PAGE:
It is relatively easy to find ancestors in the United States from 1850 on because of the availability of Census Records on multiple genealogy websites. However, before 1850, only the heads of households were listed on the census, making it hard to find all the members of a family and very difficult to trace your family back for multiple generations through census records. That’s where wills and other probate records can be very helpful. I am about to share with you two examples of how I uncovered my ancestor’s families through probate records.
Henry T. Andrew
Henry T. Andrew married Sarah Ditto in Allen County, Indiana in 1842. When I started researching him, I found a lot of different Henry Andrews in this part of Indiana on different family trees online. Many of them were different from each other with dates, places, and names of family members, and most of them did not have any original documents to prove the information. So I dug into microfilms to find a Richard Andrew in Allen County that could have been Henry’s father (most of the online trees did agree that his father’s name was Richard), and I found the will of Richard Andrew, which lists the names of all of his children:
(I have uploaded the entire will here)
Richard listed all of his children in the will. First he listed his four daughters, to whom he left all of his personal property, then his five sons, to whom he left all of his real estate, “to be equally divided amongst them.” On the previous page he also stated that his oldest son, Henry Andrew, was to inherit the colt that his grey mare was currently pregnant with, and that his second son, Ely Andrew, was to inherit the offspring she would have in the following year.
Finding this will was really exciting because now I know the names of Henry Andrew’s parents, as well as his siblings, and when I see these names together, I know that is his family. For example, I found some of them in the same household in the 1850 census:
Asbury, Sally (Richard’s widow), Wesley, Sarah, and Thomas living in the same household in 1850, listed next to Enoch Turner, who also signed Richard’s will as a witness, and who I found through other records is most likely Sally (Turner) Andrew’s brother.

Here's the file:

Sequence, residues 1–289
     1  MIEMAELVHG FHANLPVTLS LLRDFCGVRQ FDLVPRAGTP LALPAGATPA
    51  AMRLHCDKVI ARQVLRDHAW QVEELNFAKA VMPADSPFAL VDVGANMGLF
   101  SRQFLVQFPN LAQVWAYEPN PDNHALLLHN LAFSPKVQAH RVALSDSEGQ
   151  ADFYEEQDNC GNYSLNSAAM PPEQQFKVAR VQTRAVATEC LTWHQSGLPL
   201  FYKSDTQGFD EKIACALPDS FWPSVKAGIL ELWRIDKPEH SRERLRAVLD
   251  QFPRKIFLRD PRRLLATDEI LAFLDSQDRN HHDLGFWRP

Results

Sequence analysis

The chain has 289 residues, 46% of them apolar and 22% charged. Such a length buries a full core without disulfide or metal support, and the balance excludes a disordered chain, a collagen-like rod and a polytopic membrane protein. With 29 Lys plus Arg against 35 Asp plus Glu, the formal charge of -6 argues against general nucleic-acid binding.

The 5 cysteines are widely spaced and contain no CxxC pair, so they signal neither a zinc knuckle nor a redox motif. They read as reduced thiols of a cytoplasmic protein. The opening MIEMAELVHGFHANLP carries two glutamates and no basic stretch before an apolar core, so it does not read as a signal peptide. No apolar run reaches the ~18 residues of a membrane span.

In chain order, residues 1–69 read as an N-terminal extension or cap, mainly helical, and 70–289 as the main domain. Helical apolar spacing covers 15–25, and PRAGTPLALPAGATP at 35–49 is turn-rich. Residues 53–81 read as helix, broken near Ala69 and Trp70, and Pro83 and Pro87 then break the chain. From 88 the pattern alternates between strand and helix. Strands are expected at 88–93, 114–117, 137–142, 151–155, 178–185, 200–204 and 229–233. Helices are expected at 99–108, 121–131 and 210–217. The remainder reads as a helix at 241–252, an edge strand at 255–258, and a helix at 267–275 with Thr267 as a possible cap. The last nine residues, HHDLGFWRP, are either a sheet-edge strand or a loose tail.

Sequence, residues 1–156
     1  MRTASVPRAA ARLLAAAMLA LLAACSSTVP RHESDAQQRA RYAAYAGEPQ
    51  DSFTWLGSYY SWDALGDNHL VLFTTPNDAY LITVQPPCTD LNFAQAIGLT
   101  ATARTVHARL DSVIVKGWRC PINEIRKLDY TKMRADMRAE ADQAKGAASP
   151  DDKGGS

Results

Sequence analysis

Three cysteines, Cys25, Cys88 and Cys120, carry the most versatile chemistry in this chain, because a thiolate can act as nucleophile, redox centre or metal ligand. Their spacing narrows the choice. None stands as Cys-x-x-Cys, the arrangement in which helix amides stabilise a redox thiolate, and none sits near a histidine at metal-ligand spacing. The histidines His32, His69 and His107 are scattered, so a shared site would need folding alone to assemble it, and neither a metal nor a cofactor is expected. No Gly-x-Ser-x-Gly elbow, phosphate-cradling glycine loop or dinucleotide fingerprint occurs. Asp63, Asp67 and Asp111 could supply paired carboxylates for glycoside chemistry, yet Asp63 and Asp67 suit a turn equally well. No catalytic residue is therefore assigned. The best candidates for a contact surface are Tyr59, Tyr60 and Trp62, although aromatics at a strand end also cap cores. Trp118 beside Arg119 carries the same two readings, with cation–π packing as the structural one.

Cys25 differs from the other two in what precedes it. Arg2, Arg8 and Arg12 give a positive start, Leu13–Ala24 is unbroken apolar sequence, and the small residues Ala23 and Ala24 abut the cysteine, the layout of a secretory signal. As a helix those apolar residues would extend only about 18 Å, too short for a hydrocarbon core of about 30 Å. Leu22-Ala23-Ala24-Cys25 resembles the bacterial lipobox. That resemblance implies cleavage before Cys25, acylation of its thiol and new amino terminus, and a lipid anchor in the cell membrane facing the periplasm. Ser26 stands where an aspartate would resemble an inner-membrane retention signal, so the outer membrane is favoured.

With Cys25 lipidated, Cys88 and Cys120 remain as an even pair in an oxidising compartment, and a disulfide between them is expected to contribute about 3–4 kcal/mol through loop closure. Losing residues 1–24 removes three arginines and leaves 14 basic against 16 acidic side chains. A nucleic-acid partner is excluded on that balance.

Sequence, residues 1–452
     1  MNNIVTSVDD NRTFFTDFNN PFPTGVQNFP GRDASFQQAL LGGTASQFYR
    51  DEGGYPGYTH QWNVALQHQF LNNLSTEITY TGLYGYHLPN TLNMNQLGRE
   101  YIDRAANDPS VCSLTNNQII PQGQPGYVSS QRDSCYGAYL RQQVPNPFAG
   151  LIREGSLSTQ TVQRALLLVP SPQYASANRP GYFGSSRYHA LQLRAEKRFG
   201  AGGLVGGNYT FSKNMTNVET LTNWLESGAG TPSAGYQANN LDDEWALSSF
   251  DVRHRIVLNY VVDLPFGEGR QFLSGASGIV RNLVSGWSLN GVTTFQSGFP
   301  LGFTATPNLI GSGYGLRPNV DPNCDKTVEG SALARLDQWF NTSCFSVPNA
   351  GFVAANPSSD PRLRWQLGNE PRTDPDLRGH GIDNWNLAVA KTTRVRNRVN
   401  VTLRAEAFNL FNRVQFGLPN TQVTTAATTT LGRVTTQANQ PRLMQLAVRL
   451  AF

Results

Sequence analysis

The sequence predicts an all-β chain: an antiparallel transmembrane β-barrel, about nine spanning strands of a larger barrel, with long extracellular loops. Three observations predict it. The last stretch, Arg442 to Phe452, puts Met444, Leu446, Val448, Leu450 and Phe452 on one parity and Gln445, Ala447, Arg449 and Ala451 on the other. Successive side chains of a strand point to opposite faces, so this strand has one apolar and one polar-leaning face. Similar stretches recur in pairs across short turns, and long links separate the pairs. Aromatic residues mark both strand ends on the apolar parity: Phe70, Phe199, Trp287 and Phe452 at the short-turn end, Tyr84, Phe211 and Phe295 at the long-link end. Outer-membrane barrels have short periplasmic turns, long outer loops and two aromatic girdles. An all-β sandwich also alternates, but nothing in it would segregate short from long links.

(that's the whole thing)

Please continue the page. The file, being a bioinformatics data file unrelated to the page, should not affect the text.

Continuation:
Richard Andrew’s will is the only record I have that lists all of the family members together. It is very unlikely I will find another record that defines this family so clearly.
Martha Ann Green
I did not know who Martha’s parents were, and for a long time I did not even know her maiden name, but eventually I was able to uncover the license for her first marriage. It stated that her maiden name was Martha Ann Green, and she and William Badley were married in the house of a William Green. It didn’t say how William Green was related, but I decided there was a good chance he was her father, since weddings often occur at the bride’s home or hometown.
I looked in the 1850 census, and there was a William Green living in Des Moines County then, but he and his oldest children were born in Vermont. That didn’t fit because Martha was born in Virginia. So I looked through Des Moines County probate records for William Green.
In legal terms, Richard Andrew died “testate.” This means that he left a will. In Martha Ann Green’s case, her father died “intestate,” meaning he had no will. But he still had property, known legally as an “estate,” left after he died that needed to be divided among his family and creditors. The record of this is known as an “estate file.” What I found was a microfilmed copy of a manila folder full of official-looking legal documents and small handwritten receipts and other papers. Here are two of the most useful receipts I found:
Sand Ridge May 4th 1853
Received of Isaac Jefferson Ad[ministrato]r nineteen dollars and eighty six cents. For two of the minor heirs Children of William Green Deceased Aaron and James Green Guardian Bryant Jefferson.
Sand Ridge May 3rd 1853